The essence of a trap game is when a team plays an opponent that is below average before an important game.
Some might call the men’s basketball team’s matchup against 3-13 Northern Illinois at 7 p.m. Wednesday at McGuirk Arena a trap game, since it plays Western Michigan Saturday.
But, freshman guard Chris Fowler said CMU won’t have any let down, even if it was a game against its own flesh and blood, instead of the Huskies.
“We got to give our best effort when we step onto the court, no matter what,” he said. “If we step out there against one another, if we step out there against the alumni, if we step out there against our own family members, they get 100 percent of our best effort just like NIU will get.”
The Huskies have one conference win that came on the road against Miami (Ohio).
NIU has one player averaging double figures in sophomore wing Abdel Nader, who has scored 12.9 points per game.
CMU allowed him to score 46 points in two games last year, which came out to a win at home for the Chippewas and a loss on the road.
“I think (the Huskies) are a very talented team,” said head coach Keno Davis. “A young team much like ourselves. A team that’s going to continue to get better as the season progresses and for years to come. They have had some tough games that have gone down to the wire that they’ve lost, and we’ve had some tough games go down to the wire that we’ve won.”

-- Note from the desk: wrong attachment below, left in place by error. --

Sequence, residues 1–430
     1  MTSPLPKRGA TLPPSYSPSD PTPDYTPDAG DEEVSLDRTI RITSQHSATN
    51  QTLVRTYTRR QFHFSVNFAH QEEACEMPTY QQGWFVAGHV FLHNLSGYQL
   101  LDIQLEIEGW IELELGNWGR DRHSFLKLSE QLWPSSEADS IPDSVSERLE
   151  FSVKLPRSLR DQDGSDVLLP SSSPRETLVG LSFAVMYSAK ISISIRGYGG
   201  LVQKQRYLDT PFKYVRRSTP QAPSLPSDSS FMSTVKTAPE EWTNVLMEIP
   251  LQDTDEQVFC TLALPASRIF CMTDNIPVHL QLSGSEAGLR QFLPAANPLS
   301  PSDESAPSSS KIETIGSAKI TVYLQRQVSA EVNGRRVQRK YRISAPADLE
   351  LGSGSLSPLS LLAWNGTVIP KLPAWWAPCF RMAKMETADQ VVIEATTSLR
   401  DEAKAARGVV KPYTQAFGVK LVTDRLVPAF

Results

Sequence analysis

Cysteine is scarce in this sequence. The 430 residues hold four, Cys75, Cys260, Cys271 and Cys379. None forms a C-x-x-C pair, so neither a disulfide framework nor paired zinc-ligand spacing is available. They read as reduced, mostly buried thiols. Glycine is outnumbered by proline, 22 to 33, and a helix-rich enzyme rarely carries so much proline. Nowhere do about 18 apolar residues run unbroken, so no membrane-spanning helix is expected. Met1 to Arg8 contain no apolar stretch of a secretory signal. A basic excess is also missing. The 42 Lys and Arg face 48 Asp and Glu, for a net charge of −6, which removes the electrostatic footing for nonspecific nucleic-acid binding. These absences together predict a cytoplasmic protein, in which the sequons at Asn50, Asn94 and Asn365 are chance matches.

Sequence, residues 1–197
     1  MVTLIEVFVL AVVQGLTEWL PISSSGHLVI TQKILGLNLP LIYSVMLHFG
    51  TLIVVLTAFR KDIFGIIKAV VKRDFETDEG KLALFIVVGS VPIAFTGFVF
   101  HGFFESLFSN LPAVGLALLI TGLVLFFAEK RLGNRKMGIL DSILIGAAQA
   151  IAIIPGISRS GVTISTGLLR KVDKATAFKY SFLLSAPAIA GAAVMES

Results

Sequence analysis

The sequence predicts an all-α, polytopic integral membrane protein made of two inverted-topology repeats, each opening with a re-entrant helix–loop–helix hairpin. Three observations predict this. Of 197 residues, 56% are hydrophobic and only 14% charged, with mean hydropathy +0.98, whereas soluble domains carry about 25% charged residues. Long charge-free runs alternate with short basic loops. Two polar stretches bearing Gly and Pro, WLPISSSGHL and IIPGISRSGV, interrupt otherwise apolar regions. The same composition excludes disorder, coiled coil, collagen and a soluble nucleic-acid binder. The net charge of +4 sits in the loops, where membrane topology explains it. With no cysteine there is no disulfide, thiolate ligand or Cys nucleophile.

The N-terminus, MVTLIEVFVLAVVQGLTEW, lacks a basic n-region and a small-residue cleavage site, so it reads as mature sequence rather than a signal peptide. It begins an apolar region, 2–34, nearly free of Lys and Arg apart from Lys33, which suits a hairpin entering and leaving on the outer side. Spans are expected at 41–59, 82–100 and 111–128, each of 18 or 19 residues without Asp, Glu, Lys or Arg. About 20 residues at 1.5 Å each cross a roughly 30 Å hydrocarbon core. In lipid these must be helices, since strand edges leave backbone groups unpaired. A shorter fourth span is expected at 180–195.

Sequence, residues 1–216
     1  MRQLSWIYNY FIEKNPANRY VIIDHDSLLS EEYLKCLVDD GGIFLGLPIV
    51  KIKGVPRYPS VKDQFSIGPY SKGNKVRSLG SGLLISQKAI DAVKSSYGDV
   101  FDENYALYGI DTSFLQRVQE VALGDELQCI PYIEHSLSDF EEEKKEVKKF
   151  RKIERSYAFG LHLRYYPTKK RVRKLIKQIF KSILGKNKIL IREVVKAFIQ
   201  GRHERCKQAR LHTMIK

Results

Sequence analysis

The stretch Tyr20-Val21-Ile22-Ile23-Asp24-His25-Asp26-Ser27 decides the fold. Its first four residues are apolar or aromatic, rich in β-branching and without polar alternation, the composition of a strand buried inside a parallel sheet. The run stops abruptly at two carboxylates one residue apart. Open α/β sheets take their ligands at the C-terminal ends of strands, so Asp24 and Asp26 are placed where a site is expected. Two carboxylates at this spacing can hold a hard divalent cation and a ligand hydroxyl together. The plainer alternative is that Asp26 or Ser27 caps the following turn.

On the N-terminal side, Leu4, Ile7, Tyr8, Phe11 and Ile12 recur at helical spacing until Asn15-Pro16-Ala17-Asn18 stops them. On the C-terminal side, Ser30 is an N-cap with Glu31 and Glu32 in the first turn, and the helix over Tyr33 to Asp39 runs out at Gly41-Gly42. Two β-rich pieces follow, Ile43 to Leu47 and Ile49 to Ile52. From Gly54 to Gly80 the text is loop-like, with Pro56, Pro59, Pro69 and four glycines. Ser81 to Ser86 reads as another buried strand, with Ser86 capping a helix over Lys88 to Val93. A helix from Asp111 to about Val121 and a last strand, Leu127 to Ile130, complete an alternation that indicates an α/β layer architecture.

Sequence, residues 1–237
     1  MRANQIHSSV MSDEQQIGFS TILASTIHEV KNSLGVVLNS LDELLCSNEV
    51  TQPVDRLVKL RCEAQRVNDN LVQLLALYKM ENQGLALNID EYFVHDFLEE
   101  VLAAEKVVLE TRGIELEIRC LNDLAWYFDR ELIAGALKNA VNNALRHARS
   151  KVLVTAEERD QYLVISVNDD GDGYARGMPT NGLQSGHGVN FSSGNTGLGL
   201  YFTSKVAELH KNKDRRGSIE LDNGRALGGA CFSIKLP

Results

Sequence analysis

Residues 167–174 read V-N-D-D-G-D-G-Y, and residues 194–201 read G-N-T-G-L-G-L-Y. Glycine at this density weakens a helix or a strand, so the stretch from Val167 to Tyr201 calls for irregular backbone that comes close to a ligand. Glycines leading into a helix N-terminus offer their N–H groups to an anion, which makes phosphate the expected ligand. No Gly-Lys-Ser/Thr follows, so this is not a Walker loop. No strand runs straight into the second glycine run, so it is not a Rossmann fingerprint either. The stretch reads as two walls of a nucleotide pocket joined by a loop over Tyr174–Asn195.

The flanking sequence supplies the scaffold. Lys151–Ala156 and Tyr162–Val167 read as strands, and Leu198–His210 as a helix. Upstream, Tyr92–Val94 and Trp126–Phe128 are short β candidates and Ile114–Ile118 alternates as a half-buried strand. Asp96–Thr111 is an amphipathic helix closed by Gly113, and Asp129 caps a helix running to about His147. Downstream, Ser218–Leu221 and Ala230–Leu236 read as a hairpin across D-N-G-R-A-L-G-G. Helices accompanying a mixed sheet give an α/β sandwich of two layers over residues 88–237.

Entering Wednesday’s game, CMU is tied for first in the Mid-American Conference West Division with Eastern Michigan, Western Michigan and Toledo with a 2-2 conference record.
“It’s a good position to be at right now,” Fowler said. “But we’ve got to keep pushing. As long as we work hard and give our best effort, win or lose, we’ll be satisfied with our performance. But, we’ve got to work hard and get better every day, and I think the results will come from that.”
Fowler’s role for the team has been as a distributor for the Chippewas, and he has been efficient in that role. In the last three games, Fowler has recorded 20 assists and just four turnovers.
He said what makes conference play unique is that he will face off against a number of the same players throughout his career. It might be a scary thought for his opposition.
“Valuing possessions, valuing the basketball is what the best point guards do,” he said. “So that’s just something I wanted to bring into my game. You can’t get an assist if your teammates don’t make shots, so they’re making me look good, too.”